The latest Beige Book (released today, April 13) suggests that the U.S. economy is still growing near its long-term trend, and that the drag on U.S. manufacturing and exports from a stronger U.S. dollar and weaker energy prices may be fading a bit.
The spillover from the weakness in manufacturing to other parts of the economy was evident in the first two Beige Books of 2016, and has nearly disappeared in this edition. In addition, our analysis of the Beige Book confirms that some of the pessimism in the oil-producing regions of the country has ebbed somewhat in the past six to eight weeks, as oil prices have rebounded by nearly 60%. Finally—and perhaps most importantly as it relates to potential Federal Reserve (Fed) rate hikes later this year—the comments in the Beige Book also continue to indicate that some upward pressure on wages is beginning to emerge and the use of inflation words remained elevated.
To evaluate the sentiment behind the entire Beige Book collage of data, we created our proprietary Beige Book Barometer (BBB) [Figure 1]. In April 2016, the barometer ticked up to +73 from the +39 reading in March 2016. The March 2016 reading was the lowest reading since November 2012 (+30), which came in the aftermath of Superstorm Sandy’s impact on the East Coast.
Despite the bounce in April, at +73, the BBB remains well below its mid-2015 peak (+106 in July 2015), which followed a 40% bounce in oil prices from March to June 2015. The July reading was the highest since April 2013, and the second highest reading in over 10 years. The downshift in the BBB from +106 in July 2015 to +39 in March 2016 traces, but doesn’t exactly match, the 50% drop in oil prices from June 2015 to early 2016. Oil’s nearly 60% rise off its early 2016 lows occurred over the collection period for the data in this Beige Book, so it’s no surprise to see improvement in the overall BBB.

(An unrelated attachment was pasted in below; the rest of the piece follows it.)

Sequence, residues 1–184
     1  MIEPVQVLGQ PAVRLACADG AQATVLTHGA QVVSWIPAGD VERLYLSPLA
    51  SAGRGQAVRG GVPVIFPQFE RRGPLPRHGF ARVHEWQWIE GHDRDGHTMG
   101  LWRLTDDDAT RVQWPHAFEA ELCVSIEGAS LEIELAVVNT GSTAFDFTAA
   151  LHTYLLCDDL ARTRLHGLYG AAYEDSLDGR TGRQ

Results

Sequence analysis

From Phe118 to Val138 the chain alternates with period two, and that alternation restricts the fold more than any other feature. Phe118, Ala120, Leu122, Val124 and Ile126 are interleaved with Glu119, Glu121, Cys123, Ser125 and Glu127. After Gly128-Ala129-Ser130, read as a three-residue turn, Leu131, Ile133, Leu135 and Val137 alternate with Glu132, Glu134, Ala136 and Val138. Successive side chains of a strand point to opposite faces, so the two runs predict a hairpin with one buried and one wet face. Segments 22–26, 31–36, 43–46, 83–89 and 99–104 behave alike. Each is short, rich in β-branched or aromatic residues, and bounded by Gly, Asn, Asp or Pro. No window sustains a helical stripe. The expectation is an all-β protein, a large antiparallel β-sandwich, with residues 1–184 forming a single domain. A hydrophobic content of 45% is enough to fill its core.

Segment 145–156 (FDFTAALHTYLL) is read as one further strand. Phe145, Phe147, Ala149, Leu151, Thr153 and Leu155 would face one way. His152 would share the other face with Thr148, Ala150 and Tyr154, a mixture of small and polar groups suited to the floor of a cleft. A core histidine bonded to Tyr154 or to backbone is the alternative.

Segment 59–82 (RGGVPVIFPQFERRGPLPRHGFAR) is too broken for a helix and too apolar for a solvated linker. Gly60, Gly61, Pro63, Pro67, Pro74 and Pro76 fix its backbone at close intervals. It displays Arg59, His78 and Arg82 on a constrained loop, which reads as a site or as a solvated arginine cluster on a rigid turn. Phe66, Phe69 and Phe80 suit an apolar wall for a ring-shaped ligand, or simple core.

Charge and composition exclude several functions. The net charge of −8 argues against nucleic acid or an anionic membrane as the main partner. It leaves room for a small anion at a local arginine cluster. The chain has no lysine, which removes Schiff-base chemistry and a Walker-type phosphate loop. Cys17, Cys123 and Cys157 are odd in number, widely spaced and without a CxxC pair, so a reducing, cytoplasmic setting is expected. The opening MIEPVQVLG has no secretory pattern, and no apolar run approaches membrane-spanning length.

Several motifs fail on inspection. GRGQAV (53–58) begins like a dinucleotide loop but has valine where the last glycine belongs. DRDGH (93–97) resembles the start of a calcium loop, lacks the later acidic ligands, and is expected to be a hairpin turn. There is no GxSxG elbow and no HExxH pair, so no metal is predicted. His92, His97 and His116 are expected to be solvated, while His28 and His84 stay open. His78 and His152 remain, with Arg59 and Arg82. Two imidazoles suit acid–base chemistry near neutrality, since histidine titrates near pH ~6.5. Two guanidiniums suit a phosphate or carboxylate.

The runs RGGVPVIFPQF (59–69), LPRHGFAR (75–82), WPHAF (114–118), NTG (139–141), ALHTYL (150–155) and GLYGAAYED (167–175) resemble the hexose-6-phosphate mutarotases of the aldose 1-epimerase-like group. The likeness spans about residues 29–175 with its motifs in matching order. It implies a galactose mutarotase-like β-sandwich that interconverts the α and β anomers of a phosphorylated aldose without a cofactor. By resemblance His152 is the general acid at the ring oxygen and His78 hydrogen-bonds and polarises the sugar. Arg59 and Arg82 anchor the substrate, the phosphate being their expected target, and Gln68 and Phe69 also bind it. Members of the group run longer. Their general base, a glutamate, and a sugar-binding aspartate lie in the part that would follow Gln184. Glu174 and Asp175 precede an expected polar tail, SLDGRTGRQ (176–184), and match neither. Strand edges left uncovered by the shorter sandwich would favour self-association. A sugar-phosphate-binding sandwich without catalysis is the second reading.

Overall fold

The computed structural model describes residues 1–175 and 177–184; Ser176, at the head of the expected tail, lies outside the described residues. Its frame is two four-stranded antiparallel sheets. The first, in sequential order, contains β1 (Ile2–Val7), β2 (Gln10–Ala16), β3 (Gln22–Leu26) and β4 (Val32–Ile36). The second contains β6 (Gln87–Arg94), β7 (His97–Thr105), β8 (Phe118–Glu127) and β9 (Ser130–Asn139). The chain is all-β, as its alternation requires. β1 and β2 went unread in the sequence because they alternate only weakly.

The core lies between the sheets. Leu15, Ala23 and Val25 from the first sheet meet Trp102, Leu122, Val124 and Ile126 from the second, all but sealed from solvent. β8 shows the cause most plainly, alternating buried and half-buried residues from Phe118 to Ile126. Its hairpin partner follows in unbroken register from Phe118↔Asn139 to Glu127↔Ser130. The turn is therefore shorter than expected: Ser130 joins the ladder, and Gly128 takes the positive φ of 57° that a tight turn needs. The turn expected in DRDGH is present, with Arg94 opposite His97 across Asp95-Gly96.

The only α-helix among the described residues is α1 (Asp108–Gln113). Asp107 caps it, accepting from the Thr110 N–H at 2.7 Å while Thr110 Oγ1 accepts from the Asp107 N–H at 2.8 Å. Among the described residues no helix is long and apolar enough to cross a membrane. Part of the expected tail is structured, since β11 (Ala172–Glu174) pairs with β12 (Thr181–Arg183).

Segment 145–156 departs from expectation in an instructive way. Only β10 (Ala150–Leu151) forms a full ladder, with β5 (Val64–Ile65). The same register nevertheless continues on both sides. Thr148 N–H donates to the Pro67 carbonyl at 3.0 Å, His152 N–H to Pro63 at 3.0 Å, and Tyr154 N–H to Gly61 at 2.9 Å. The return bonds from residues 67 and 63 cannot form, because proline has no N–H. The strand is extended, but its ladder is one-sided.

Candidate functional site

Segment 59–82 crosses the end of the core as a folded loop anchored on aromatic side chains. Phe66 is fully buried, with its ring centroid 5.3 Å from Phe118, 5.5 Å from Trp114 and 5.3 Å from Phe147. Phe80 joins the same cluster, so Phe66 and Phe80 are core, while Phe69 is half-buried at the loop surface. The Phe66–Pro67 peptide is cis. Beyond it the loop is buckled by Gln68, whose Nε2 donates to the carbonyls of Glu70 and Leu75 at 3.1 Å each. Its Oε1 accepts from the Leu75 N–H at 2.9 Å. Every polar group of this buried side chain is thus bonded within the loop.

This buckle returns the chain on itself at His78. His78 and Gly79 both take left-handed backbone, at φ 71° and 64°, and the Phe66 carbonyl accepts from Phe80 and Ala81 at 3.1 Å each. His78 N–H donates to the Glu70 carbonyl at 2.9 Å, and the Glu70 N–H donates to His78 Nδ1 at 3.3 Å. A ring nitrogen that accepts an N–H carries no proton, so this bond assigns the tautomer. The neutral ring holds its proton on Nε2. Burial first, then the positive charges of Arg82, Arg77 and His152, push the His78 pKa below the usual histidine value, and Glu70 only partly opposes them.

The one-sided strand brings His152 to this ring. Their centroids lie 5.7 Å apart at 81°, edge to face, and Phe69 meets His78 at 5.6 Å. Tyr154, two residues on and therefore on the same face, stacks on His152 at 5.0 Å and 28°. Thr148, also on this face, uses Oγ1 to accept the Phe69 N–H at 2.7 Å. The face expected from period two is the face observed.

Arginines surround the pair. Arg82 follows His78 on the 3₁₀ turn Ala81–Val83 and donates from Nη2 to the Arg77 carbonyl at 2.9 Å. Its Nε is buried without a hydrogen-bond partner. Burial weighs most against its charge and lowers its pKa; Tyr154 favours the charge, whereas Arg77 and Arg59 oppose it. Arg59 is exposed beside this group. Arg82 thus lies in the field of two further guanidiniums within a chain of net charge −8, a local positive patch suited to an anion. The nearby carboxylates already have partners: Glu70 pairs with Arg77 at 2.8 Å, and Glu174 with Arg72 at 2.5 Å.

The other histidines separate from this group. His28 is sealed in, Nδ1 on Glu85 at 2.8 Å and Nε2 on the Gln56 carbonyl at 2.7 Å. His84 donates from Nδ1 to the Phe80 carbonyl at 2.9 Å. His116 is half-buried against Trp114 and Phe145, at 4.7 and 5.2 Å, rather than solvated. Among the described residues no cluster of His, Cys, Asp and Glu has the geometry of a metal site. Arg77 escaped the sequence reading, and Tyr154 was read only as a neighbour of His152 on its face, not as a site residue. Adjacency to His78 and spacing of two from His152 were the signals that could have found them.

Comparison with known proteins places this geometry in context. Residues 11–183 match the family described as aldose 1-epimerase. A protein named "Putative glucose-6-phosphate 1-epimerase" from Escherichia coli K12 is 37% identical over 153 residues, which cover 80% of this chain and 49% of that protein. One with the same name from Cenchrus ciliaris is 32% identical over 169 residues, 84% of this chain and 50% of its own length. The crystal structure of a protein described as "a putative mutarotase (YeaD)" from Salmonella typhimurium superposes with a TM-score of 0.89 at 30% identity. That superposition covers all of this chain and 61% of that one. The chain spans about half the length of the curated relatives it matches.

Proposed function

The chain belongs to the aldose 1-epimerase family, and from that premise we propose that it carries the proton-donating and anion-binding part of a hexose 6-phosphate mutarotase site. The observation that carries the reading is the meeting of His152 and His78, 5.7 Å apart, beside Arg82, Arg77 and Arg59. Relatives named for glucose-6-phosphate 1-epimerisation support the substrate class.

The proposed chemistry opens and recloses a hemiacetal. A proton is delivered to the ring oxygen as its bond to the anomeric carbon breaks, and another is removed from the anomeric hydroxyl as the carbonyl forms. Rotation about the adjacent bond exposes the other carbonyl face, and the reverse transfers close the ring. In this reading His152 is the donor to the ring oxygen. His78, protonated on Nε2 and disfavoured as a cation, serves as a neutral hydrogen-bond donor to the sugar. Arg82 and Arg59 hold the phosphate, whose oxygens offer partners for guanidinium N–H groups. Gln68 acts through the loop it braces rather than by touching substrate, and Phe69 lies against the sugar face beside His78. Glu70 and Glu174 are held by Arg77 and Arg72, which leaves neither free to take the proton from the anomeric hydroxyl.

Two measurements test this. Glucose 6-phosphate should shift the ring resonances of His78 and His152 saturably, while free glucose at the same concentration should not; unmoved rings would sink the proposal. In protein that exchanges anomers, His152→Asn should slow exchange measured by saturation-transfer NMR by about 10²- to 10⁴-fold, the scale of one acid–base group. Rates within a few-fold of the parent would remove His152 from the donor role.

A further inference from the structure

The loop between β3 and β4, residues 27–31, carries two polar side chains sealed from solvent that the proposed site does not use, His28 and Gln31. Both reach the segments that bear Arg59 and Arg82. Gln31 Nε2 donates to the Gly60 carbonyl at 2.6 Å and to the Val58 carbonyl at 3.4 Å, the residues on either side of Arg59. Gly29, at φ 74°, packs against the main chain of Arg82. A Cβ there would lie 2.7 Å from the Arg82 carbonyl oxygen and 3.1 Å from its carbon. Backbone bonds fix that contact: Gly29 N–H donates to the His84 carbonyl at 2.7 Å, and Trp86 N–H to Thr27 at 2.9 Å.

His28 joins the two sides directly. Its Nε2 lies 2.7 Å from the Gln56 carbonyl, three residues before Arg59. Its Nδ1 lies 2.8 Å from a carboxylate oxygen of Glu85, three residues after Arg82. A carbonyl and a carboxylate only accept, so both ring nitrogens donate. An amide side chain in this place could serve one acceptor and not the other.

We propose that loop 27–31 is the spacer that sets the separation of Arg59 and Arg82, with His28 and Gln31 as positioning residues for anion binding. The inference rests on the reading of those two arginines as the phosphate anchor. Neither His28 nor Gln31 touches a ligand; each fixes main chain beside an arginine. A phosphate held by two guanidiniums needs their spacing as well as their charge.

We monitor wage and pressures in the Beige Book via the count of wage/inflation words. We counted the number of times the words “wage,” “skilled,” “shortage,” “widespread,” and “rising” appeared in recent editions of the Beige Book. In April, these words appeared 104 times, down from the 113 in March 2016, and close to the 109 average seen in all the 2015 Beige Books. The average reading in the number of inflation words in 2015 and early 2016 (105-110) stands in sharp contrast to 2011–2013, a period when heightened risk of deflation was evident. During that period, inflation words appeared, on average, 80 times per Beige Book.
What Is the Beige Book?
The Beige Book is a qualitative assessment of the U.S. economy and each of the 12 Fed districts individually. We believe the Beige Book is best interpreted by measuring how the descriptors change over time. The latest edition of the Fed’s Beige Book was released earlier today, April 13, ahead of the April 26-27 Federal Open Market Committee (FOMC) meeting. The qualitative inputs for the April 2016 Beige Book were collected from late February 2016 through April 7, 2016.
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